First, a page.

After his expulsion from Harvard for making an insulting sketch of the president of the college, young Langdon Towne returns to his home in Portsmouth, New Hampshire in 1759 and announces to his sweetheart, Elizabeth Browne, that he is going to be a great artist. Forced to flee from the wealthy and powerful rogue Wiseman Clagett, whom he has also insulted, Langdon and his friend "Hunk" Marriner meet Major Robert Rogers. Rogers, who is about to undertake a dangerous mission to annihilate a tribe of warring Indians, wants Langdon to join his rangers as mapmaker, but is only able to sign up him and Hunk by getting them drunk on his favorite drink, hot-buttered rum. Stealthily launching their boats on the smooth surface of Lake Champlain, the rangers begin their punitive mission to the Indian village at St. Francis along the St. Lawrence River, moving carefully through the rough terrain and trying to avoid the hostile Indians who have aligned themselves with the French in their war against the British. When they discover French ships at the mouth of the river, the rangers are forced to portage their boats by foot and then trudge through swamps, bogs and rapids until they finally reach their destination. At St. Francis, the rangers swoop down upon the Indians, who have been massacring the white settlers, and in the bloody battle, Langdon is seriously wounded. The Indians defeated, the rangers begin the long and grueling trip to Fort Wentworth with the wounded Lagndon hobbling behind, aided by an Indian boy and an embittered white woman, Jennie Coit, who had been adopted by the Indians and hates the English. ... +


After his expulsion from Harvard for making an insulting sketch of the president of the college, young Langdon Towne returns to his home in Portsmouth, New Hampshire in 1759 and announces to his sweetheart, Elizabeth Browne, that he is going to be a great artist. Forced to flee from the wealthy and powerful rogue Wiseman Clagett, whom he has also insulted, Langdon and his friend "Hunk" Marriner meet Major Robert Rogers. Rogers, who is about to undertake a dangerous mission to annihilate a tribe of warring Indians, wants Langdon to join his rangers as mapmaker, but is only able to sign up him and Hunk by getting them drunk on his favorite drink, hot-buttered rum. Stealthily launching their boats on the smooth surface of Lake Champlain, the rangers begin their punitive mission to the Indian village at St. Francis along the St. Lawrence River, moving carefully through the rough terrain and trying to avoid the hostile Indians who have aligned themselves with the French in their war against the British. When they discover French ships at the mouth of the river, the rangers are forced to portage their boats by foot and then trudge through swamps, bogs and rapids until they finally reach their destination. At St. Francis, the rangers swoop down upon the Indians, who have been massacring the white settlers, and in the bloody battle, Langdon is seriously wounded. The Indians defeated, the rangers begin the long and grueling trip to Fort Wentworth with the wounded Lagndon hobbling behind, aided by an Indian boy and an embittered white woman, Jennie Coit, who had been adopted by the Indians and hates the English. For days they march with only handfuls of dried corn to keep them alive, until the starving men vote to break up into hunting parties and meet at Eagle Mountain. With little success in their attempts to fish and capture game, when the men reconvene, their ranks have dwindled from one hundred and fifty to fifty. Despite their discouragement, the men bravely continue on, encouraged by Rogers, who promises them that there will be ample food at Fort Wentworth. As they approach the fort, Rogers runs ahead and discovers that the soldiers have gone, leaving nothing behind. Though at the point of desperation himself, Rogers tries to rally his men by telling them how much better off they are than some biblical figures who fasted for even longer than they. As the men start to rally, the British arrive, carrying ample food and supplies. Their mission completed and their stomachs filled, Rogers and his rangers march on in search of the Northwest Passage to the Pacific Ocean, while Langdon remains behind with Elizabeth, who plans to go with him to London while he trains to be a great artist. As Rogers marches away, Langdon tells Elizabeth that the world will remember Rogers through his paintings. +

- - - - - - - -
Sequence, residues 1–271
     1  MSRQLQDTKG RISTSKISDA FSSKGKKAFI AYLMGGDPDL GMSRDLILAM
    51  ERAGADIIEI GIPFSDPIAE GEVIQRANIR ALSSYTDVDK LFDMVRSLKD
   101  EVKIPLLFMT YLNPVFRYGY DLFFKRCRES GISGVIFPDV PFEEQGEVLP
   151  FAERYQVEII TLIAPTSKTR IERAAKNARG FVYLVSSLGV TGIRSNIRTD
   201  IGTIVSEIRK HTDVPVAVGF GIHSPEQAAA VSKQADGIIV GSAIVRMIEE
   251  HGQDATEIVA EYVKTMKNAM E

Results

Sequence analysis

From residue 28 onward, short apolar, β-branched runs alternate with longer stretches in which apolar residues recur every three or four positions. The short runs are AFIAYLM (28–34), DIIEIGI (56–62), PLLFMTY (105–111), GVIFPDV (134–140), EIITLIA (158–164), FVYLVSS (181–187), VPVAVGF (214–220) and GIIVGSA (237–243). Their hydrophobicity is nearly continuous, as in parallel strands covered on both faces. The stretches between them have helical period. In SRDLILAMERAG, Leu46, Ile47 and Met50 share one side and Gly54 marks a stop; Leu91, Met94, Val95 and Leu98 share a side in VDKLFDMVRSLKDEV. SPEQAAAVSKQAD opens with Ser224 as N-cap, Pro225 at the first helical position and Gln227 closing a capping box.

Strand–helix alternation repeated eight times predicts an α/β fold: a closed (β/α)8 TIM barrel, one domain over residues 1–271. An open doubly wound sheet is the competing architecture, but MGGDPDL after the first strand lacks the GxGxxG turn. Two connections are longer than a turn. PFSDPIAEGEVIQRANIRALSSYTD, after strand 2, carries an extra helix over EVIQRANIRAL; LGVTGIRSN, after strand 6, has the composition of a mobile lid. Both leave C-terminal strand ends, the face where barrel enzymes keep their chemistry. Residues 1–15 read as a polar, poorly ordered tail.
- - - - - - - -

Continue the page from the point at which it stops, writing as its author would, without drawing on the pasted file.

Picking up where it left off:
Legend
Viewed by AFI
Partially Viewed
Offscreen Credit
Name Occurs Before Title
AFI Life Achievement Award

TOP SEARCHES

CASABLANCA

During World War II, Casablanca, Morocco is a waiting point for throngs of desperate refugees fleeing Nazi-occupied Europe. Exit visas, which are necessary to leave the country, are at ... >>

CITIZEN KANE

Seventy-year-old newspaper tycoon Charles Foster Kane dies in his palatial Florida home, Xanadu, after uttering the single word “Rosebud.” While watching a newsreel summarizing the years during which Kane ... >>

REAR WINDOW

Laid up with a broken leg during the height of summer, renowned New York magazine photographer L. B. “Jeff” Jeffries enters his last week of home confinement, bored and ... >>

RAGING BULL

In 1941, at a boxing match in Cleveland, Ohio, pandemonium breaks out when Jake La Motta, an up-and-coming young boxer, loses a decision to Jimmy Reeves, suffering his first ... >>

CITY LIGHTS

At an outdoor dedication ceremony, a tramp is discovered sleeping in the arms of a statue as it is being unveiled before a crowd. He is chased into ... >>

The American Film Institute is grateful to Sir Paul Getty KBE and the Sir Paul Getty KBE Estate for their dedication to the art of the moving image and their support for the AFI Catalog of Feature Films and without whose support AFI would not have been able to achieve this historical landmark in this epic scholarly endeavor.